Sharing Books and Authors, with an emphasis on Mysteries.
Thursday, July 29, 2010
A Brush with Death by Elizabeth J. Duncan
Traditional mystery fans will be happy to return to Wales in Elizabeth J. Duncan's second mystery, A Brush with Death. She won the Malice Domestic Best First Traditional Mystery Novel Competition with her debut, The Cold Light of Mourning. Once more, Duncan proves there may be deep secrets behind austere lives.
When Penny Brannigan first moved to Llanelen from Canada decades earlier, the manicurist found a friend in a local schoolteacher, Emma Teasdale. When Emma died, she left her small house to Penny, along with a sizable inheritance. Penny could have immediately renovated the house, but she needed to slowly remove outdated objects, while keeping traces of her beloved friend. It didn't take long to uncover a secret that Emma never revealed.
Over thirty years earlier, at a time when homosexuality was still illegal in Wales, Emma had loved an artist, Alys Jones. And, that love ended in tragedy when Alys was killed by a hit-and-run driver. But, Penny, with her nose for trouble, wants to investigate the cold case, wondering if the death was actually an accident. While some friends are willing to help, the brunt of the case falls on Penny because she's the one determined to discover the truth.
Penny's business partner, though, finds her determination getting in the way of their budding business, a salon, with plans for a new building, and a spa. As work on their newly purchased property proceeds, there is even an unexpected discovery there. Could it somehow link with the cold case of Alys Jones' death?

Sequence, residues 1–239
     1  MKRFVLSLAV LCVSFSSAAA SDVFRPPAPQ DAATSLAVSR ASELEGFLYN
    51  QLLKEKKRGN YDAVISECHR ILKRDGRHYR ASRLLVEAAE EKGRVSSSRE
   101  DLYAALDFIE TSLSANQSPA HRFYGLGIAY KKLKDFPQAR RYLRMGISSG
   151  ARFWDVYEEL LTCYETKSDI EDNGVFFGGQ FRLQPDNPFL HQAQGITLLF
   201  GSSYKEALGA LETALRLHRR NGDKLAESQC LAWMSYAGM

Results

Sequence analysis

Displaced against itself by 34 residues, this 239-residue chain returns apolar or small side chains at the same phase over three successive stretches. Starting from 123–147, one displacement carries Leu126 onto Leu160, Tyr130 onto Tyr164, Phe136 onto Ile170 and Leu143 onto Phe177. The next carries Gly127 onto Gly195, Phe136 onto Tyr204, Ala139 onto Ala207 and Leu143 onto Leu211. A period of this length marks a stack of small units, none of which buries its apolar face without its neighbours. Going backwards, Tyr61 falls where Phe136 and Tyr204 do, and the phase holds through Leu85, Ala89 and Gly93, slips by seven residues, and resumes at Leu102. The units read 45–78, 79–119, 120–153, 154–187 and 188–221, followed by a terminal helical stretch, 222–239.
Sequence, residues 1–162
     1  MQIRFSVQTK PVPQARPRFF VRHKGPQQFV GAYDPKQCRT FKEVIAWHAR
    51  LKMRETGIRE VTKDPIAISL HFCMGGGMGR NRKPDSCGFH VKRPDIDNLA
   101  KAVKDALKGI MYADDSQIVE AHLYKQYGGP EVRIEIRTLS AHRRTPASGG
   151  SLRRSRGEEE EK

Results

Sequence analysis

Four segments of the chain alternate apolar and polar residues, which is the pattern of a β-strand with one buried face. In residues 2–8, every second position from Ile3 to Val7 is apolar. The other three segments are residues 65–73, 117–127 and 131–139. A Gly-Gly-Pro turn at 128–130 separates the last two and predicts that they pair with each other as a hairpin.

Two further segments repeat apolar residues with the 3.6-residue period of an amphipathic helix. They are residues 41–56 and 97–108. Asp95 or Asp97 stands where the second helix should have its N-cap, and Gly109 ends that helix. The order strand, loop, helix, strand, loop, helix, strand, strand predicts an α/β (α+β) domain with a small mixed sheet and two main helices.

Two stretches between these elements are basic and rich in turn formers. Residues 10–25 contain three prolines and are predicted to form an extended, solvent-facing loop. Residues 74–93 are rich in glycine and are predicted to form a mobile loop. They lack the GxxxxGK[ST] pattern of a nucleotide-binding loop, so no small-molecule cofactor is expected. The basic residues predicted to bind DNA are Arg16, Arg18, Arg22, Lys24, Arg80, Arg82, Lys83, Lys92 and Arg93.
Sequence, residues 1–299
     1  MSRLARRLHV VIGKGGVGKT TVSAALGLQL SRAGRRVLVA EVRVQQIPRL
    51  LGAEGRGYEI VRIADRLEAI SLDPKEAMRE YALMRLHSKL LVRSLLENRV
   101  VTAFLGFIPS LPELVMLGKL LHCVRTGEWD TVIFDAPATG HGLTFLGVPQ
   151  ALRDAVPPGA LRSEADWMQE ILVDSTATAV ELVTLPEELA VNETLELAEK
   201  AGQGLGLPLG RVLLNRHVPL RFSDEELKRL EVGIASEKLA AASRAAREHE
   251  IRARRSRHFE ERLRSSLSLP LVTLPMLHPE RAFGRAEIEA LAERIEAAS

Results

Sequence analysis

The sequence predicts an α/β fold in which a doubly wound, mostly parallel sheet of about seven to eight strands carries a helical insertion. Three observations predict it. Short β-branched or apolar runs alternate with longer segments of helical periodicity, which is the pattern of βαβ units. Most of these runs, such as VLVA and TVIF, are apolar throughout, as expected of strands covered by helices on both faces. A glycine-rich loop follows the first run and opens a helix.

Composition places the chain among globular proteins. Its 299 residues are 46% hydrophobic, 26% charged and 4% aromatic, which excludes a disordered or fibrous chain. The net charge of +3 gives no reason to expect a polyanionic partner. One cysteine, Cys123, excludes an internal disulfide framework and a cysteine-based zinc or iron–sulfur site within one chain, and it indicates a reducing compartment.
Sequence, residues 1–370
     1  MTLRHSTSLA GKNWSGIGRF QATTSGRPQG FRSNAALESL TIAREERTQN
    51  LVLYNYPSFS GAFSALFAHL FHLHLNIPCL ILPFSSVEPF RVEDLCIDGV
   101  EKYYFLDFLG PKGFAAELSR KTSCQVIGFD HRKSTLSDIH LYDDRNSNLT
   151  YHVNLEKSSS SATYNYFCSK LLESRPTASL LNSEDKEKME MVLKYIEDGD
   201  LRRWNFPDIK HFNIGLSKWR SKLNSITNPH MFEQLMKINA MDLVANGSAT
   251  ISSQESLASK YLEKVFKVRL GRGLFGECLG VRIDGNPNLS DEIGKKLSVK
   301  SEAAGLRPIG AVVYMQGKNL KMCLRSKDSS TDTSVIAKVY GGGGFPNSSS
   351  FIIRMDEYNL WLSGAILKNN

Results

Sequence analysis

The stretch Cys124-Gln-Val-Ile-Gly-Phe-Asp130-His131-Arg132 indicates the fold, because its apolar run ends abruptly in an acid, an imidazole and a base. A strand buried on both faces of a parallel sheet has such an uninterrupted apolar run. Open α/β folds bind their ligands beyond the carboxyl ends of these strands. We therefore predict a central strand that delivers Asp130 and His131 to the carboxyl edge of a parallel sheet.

Life in Elizabeth Duncan's small Welsh town is reminiscent of Miss Read's English villages, with the addition of a murder. Even then, it's a thirty-year-old case. But, Miss Read's fans will appreciate the kind townspeople, the ones with their idiosyncrasies, the misunderstanding between Penny and Detective Inspector Gareth Davies. Duncan's mystery is still a gentle story, although the difference in acceptance in lifestyle, and how society changes in thirty years, is an underlying theme.
Penny Brannigan is a kind woman, an amateur sleuth, an artist. As a friend, she cares about what happened to her friend, when she lost her lover. And, Elizabeth J. Duncan beautifully paints a picture of a tragic loss of life and its impact over the years on the family and friends of the victim, who are victims themselves. She illustrates for all of us the impact of A Brush with Death.